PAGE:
Republican Lawmakers Caution Governor’s Reform Plans
Republican lawmakers this week said that they would oppose efforts to expand health coverage to undocumented immigrants, a measure they say could result in more undocumented immigrants moving to California, the San Francisco Chronicle reports.
Gov. Arnold Schwarzenegger (R) is expected to unveil a health care reform plan in January 2007. The governor on Sunday said that one of his reform goals is to extend coverage to all 6.7 million uninsured Californians. The figure includes about 1.6 million undocumented immigrants, according to data from the UCLA Center for Health Policy Research.
Kim Belshé, secretary of the Health and Human Services Agency, said that undocumented immigrants must be a focus in the health care reform debate because they "place significant burdens on the state's health care system, particularly emergency rooms."
Legislation that would approve funding for a health care reform plan will need support from some Republican legislators to pass.
However, Assembly Minority Leader Mike Villines (R-Fresno) said, "I don't believe there would be any support" among Republican legislators for expanding health insurance coverage to undocumented immigrants (Chorneau, San Francisco Chronicle, 11/30).
Schwarzenegger and Democratic lawmakers in June proposed to fund county children's health insurance programs that cover undocumented immigrant children. However, the $23 million proposal was removed from the state budget after Republican lawmakers refused to support a budget that would allow undocumented immigrant children to receive public health insurance benefits (California Healthline, 6/27).
Summaries of a recent editorial and opinion piece addressing the governor's expected health care reform proposal appear below.
Riverside Press-Enterprise: Schwarzenegger has announced his goal to insure every Californian, but the state's "hard fiscal realities dictate that government alone cannot reach that worthy goal," a Press-Enterprise editorial states, adding, "The state can't afford its current spending, much less an expansion." According to the editorial, the only realistic approach for an expansion of coverage would be a group effort by government, employers, workers, insurers and the health care industry. The editorial concludes that "Filling in the insurance gap requires more resources than state government can reasonably provide" (Riverside Press-Enterprise, 11/28).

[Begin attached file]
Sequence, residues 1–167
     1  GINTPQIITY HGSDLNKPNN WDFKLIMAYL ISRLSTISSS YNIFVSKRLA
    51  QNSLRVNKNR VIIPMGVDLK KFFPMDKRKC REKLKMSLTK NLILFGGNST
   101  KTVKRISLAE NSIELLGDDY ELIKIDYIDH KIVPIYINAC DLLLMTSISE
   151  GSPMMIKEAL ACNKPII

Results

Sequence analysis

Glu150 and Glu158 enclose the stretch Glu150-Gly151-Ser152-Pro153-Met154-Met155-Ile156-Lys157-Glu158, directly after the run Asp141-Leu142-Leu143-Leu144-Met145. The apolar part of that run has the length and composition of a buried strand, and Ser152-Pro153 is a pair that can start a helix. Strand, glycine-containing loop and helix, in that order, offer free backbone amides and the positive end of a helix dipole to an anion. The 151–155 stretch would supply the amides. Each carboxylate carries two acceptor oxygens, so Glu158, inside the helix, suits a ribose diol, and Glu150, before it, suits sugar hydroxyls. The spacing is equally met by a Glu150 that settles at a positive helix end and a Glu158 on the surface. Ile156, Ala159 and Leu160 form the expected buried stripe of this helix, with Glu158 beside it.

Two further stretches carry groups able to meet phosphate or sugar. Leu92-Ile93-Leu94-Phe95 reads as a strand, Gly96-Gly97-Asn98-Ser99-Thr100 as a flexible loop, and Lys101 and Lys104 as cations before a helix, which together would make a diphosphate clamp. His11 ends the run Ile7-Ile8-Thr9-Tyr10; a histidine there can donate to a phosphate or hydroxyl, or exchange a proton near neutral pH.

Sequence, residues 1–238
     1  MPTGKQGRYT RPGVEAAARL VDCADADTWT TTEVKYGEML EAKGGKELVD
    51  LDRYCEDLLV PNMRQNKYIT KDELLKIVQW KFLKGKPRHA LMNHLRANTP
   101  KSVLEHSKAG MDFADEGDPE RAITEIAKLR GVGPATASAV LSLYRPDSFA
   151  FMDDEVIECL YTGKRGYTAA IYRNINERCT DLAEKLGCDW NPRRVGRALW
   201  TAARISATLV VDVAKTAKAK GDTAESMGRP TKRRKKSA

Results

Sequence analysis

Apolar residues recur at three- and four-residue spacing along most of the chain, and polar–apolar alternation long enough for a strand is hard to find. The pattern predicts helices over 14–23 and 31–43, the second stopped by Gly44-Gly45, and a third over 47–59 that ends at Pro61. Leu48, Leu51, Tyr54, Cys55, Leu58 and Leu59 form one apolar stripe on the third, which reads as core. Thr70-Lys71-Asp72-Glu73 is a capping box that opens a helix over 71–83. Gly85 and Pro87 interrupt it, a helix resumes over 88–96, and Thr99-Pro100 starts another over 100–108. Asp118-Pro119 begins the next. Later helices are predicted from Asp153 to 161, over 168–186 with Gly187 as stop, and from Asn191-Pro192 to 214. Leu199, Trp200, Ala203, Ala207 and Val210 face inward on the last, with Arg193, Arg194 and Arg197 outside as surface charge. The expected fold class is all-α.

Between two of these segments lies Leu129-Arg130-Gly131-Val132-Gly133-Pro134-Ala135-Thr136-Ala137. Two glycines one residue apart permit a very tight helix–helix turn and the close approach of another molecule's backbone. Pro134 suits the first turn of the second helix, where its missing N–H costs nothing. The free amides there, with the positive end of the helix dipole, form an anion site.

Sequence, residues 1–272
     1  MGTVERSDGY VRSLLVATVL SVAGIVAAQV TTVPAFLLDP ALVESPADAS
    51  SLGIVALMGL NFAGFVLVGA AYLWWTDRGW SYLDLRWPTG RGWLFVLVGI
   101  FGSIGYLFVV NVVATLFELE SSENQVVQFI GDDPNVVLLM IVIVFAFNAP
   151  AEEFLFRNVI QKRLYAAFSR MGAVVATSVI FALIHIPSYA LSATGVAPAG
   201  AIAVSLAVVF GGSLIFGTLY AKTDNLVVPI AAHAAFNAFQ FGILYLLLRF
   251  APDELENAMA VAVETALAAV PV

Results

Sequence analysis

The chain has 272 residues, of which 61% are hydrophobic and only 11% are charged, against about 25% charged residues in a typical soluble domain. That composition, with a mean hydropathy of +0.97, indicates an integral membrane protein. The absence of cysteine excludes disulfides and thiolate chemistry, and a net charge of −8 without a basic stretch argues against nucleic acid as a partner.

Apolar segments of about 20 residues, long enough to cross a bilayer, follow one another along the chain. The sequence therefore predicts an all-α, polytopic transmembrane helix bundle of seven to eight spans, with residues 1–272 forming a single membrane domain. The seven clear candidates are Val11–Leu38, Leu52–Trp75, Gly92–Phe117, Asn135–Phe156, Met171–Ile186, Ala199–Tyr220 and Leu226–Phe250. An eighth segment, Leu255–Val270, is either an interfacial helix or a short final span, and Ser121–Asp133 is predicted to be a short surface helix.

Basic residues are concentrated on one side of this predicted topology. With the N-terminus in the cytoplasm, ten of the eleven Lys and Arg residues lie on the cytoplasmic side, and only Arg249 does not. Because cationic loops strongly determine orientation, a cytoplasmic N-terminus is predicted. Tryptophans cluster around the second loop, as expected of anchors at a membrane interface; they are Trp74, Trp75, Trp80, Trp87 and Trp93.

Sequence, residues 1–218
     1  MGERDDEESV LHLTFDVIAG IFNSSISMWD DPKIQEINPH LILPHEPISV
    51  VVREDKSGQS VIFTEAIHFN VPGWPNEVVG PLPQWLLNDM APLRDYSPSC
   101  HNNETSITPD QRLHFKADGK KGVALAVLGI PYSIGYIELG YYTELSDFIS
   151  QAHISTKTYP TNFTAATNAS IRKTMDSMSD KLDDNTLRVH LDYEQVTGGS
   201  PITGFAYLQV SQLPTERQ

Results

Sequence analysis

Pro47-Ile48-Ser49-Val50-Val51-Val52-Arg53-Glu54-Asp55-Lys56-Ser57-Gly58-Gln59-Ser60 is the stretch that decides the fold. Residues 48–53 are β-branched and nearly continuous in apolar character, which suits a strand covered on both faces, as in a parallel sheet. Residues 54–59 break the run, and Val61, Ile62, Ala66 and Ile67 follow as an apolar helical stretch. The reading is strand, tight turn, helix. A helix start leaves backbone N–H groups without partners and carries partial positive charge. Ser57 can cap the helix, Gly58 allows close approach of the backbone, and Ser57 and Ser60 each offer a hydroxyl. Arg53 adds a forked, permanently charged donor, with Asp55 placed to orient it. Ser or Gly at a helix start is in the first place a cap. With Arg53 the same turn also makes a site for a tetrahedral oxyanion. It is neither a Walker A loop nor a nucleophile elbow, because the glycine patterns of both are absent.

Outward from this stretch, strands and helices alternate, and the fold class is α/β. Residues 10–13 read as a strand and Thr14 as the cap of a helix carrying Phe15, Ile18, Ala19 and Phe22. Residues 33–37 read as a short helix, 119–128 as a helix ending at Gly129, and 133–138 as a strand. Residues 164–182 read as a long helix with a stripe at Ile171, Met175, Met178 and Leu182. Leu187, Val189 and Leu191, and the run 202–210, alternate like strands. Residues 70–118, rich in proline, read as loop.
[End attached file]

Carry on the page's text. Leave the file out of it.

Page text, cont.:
- Daniel Weintraub, Sacramento Bee: Based on comments by Schwarzenegger, "it appears as if the governor will set universal coverage as the ultimate standard but proposes an incremental approach to get California there over time," columnist Weintraub writes in a Bee opinion piece. "Since Schwarzenegger is ruling out the sort of government intervention favored by Democrats in the Legislature, it's up to him to offer a creative alternative that can get the job done in new ways that lawmakers have not yet proposed," Weintraub concludes (Weintraub, Sacramento Bee, 11/30).
The first series of postings on the Sacramento Bee blog 'Crossroads' addresses health care reform efforts in California. Contributors to the blog include:
- Jay Gellert, president and CEO of Health Net;
- Donna Gerber, director of government relations for the California Nurses Association;
- James Knight, CEO of Consumer Directed Health Care;
- Steve McDermott, CEO of Hill Physicians Medical Group;
- Len Nichols, director of health policy for the New America Foundation;
- David Quackenbush, CEO of Central Valley Health Network;
- Assembly member Keith Richman (R-Granada Hills);
- Anthony Wright, executive director for Health Access; and
- Lucien Wulsin, director of the Insure the Uninsured Project.